As a licensed practical nurse, you get to perform some basic patient care activities similar to a registered nurse. LPNs have career options, too. You could work at a doctor's office, hospital or nursing home, for instance. Regular duties include checking blood pressure and vital signs, changing bandages and catheters, assisting patients with hygiene and grooming, updating patient health status records and communicating with doctors and nurses.
LPN Role Vs. RN
Your hands-on care responsibilities as an LPN include simpler tasks, such as changing bandage wraps, feeding patients and bathing them. A primary distinction between the LPN role and the RN role is that the LPN also assumes more patient advisory responsibilities. The LPN advises patients on self-care, which the RN has recommended. You would help a new mom feed her baby in the manner the RN suggested, for instance.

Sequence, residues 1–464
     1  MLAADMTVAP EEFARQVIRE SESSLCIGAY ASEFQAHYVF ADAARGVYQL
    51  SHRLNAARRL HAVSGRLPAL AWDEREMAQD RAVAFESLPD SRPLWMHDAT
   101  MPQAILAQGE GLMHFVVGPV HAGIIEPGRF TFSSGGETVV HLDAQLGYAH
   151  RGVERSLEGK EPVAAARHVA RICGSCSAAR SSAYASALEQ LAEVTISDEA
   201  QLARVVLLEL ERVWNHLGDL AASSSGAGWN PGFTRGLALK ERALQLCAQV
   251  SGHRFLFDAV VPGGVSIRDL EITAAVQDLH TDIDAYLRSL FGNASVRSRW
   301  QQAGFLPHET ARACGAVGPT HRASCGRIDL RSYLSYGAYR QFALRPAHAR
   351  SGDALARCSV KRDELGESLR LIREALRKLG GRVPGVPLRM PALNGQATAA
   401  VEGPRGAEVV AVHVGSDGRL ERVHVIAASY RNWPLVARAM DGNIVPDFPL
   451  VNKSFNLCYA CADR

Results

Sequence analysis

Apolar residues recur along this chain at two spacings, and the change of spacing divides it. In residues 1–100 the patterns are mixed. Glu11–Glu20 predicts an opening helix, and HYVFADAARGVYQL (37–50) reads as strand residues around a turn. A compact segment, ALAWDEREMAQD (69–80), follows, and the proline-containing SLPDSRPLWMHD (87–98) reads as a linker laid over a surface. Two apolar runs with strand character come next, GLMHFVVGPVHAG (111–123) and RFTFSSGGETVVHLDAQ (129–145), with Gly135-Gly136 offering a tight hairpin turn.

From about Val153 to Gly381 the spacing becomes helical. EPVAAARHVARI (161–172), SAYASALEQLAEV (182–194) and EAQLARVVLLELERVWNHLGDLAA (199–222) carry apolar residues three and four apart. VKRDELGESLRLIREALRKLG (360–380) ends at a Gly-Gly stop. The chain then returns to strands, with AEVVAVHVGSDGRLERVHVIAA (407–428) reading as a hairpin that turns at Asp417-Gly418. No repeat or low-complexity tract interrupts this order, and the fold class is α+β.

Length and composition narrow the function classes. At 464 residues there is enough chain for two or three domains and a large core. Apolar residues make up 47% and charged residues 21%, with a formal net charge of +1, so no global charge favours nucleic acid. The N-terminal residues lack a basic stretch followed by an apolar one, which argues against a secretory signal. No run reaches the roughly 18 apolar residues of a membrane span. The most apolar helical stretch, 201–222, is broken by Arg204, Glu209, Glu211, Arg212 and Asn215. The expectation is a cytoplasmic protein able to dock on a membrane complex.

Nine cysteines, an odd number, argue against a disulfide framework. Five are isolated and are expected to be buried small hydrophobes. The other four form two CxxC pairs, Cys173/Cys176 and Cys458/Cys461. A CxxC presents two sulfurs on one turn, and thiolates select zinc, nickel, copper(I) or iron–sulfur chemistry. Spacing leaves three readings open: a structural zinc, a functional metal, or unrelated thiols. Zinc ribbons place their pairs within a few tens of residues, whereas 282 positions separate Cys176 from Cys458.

The education required to become an LPN is a bit shorter than that of an RN. You just need to complete a one-year nursing diploma that meets your state medical board's standards. Afterward, you must pass the National Council Licensure Examination, or NCLEX-PN. The Bureau of Labor Statistics noted an average annual pay of $42,910 per year as of May 2013.
- Bureau of Labor Statistics: Occupational Employment and Wages, May 2013: Licensed Practical and Licensed Vocational Nurses
- Bureau of Labor Statistics: How to Become a Licensed Practical or Licensed Vocational Nurse
- Bureau of Labor Statistics: Licensed Practical and Licensed Vocational Nurses: Work Environment
- Bureau of Labor Statistics: What Licensed Practical and Licensed Vocational Nurses Do
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